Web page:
How to Connect to a MySQL Database

How to use a MySQL database as a data source for your GraphQL API

StepZen supports MySQL, Postgres, and MSSQL databases. In this tutorial, we'll see how to connect to a MySQL database:

Prerequisites

First, you'll need a StepZen account. Once you have that account, follow the steps to Install and Set up StepZen.

Get Set Up

To follow along with this tutorial, you'll need to have a database that is accessible to StepZen. If you don't have a MySQL server you can use, one option is to deploy a ClearDb MySQL database to Heroku, which is free and can be used for our purposes. Follow the steps below to get one set up:

  1. Download MySQL Workbench before you start. You must also have MySQL installed on your machine in order to use MySQL Workbench.
  2. Sign up for a Heroku account. It can be on the free tier, but you'll need to add a credit card to your account to use the add-ons that you need (it won't be charged as a part of this tutorial). Once you've done that, you can proceed.
  3. Navigate to your dashboard, click New > Create New App. Type your app name and click Create App.
  4. Click the Resources tab, navigate to Add-ons, and search for ClearDB MySQL.
  5. Click on ClearDB MySQL, select the Ignite-Free plan, and Submit Order Form.
  6. Click Settings and Reveal Config Vars. For the value of CLEARDB_DATABASE_URL you should see a string formatted like mysql://USERNAME:PASSWORD@HOSTNAME/DB_NAME. You'll use this info for setting up a new connection in your MySQL Workbench in the next few steps.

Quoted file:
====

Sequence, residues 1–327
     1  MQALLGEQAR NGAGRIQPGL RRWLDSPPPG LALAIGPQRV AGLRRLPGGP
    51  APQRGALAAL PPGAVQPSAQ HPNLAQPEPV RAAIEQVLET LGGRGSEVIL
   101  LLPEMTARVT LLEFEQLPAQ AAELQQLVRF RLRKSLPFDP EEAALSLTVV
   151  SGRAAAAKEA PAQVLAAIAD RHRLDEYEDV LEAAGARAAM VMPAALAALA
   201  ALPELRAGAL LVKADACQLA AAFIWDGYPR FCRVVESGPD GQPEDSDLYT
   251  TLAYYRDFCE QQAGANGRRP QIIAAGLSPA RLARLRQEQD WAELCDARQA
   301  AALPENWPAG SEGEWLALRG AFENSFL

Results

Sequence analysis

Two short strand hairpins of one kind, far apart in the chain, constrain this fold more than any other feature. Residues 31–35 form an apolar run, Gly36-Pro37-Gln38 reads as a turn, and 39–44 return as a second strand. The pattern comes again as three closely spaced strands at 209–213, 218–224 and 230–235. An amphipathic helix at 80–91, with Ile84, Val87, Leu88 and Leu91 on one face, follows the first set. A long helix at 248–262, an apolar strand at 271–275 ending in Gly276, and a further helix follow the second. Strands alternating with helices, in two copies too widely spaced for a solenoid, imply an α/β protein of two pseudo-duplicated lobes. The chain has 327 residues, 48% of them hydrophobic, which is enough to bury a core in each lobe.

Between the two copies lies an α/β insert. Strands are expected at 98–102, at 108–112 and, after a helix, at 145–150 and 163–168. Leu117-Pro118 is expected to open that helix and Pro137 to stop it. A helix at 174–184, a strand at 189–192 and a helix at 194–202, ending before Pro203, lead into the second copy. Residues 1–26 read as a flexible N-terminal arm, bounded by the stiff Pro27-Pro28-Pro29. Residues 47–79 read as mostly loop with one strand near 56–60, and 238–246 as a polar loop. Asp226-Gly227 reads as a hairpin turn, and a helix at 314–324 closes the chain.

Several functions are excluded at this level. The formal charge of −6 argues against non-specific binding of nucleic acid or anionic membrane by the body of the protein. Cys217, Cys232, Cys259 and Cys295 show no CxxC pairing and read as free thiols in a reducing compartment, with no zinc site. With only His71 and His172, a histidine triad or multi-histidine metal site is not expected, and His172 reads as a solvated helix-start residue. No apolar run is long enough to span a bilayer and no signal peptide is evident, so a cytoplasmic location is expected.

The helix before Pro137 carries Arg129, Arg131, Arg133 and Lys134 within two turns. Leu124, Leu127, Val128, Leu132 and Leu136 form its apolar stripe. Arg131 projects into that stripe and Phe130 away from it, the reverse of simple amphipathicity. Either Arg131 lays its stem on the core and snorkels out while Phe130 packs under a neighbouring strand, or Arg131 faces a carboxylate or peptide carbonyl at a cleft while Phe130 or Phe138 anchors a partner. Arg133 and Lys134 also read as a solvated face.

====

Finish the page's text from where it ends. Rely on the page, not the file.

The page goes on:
7. (Optional) Perform the steps in Seed your database from MySQL Workbench.

Seed your Database from MySQL Workbench

If you already have your own database with data in it, you can follow along with our instructions using your own database. If you don't have data in your database, you'll need to seed it with data first, by following these instructions:

  1. Open MySQL Workbench.
  2. Click the home icon at the top left corner.
  3. Click the + button next to MySQL Connections, and name your connection whatever you want.
  4. Enter the USERNAME and HOSTNAME from your Heroku account. You can leave the port as it is.
  5. Click Store in Keychain and add your PASSWORD.
  6. Click Test Connection (you don't need a default schema).
  7. Click OK after you've confirmed the notification that your connection was successful.
  8. Click on your connection to open it.
  9. Click the schemas tab on the top left. Double click the name of your schema on the left to ensure it is selected, and copy and paste this code into the query editor:
CREATE TABLE `authors` (
  `id` int(11) NOT NULL AUTO_INCREMENT,
  `name` varchar(45) NOT NULL,
  `isPseudonym` tinyint(4) DEFAULT '0',
  PRIMARY KEY (`ID`),
  UNIQUE KEY `ID_UNIQUE` (`ID`)
);

CREATE TABLE `books` (
  `id` int(11) NOT NULL,
  `name` varchar(45) NOT NULL,
  `originalPublishingDate` date NOT NULL,
  `authorID` int(11) DEFAULT NULL,
  PRIMARY KEY (`ID`),
  UNIQUE KEY `ID_UNIQUE` (`ID`)
);

INSERT INTO `authors`
VALUES
(1,'Agatha Christie',0),
(2,'Sir Arthur Conan Doyle',0),
(3,'Edgar Allan Poe',0);

INSERT INTO `books`
VALUES
(1,'Murder on the Orient Express','1934-01-01', 1),
(2,'The Mysterious Affair at Styles','1920-10-01', 1),
(3,'The Adventure of the Three Garridebs','1924-10-25', 2),